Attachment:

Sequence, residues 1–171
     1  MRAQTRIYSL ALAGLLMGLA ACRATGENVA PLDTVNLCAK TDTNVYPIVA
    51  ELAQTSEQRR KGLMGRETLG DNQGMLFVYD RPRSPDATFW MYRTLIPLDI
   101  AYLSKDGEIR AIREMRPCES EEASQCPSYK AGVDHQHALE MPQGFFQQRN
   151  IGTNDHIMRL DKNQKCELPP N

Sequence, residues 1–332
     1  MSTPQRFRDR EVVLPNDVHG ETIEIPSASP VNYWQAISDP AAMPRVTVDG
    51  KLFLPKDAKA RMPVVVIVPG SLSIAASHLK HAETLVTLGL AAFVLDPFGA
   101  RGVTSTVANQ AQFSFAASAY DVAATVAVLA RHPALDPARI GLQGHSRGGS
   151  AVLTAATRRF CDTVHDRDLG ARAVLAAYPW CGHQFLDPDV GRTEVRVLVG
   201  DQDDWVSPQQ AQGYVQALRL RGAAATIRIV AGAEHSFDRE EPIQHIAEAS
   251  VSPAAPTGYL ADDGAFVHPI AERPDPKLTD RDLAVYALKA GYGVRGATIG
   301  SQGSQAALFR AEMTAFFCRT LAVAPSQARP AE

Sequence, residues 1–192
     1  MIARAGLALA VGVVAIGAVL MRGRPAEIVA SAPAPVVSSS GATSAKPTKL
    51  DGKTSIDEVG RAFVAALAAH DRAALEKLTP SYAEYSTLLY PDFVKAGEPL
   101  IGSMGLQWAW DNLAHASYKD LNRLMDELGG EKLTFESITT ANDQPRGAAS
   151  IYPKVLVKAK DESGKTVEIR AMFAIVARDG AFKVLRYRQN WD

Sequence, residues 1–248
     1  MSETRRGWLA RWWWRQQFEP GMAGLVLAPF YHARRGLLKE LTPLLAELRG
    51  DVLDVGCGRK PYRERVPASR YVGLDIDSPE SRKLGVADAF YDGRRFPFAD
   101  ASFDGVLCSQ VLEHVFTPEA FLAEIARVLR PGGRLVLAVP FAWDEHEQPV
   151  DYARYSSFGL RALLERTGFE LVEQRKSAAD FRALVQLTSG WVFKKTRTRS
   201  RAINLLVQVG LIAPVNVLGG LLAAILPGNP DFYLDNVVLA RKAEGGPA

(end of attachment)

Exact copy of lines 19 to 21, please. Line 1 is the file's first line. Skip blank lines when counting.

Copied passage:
Sequence, residues 1–248
     1  MSETRRGWLA RWWWRQQFEP GMAGLVLAPF YHARRGLLKE LTPLLAELRG
    51  DVLDVGCGRK PYRERVPASR YVGLDIDSPE SRKLGVADAF YDGRRFPFAD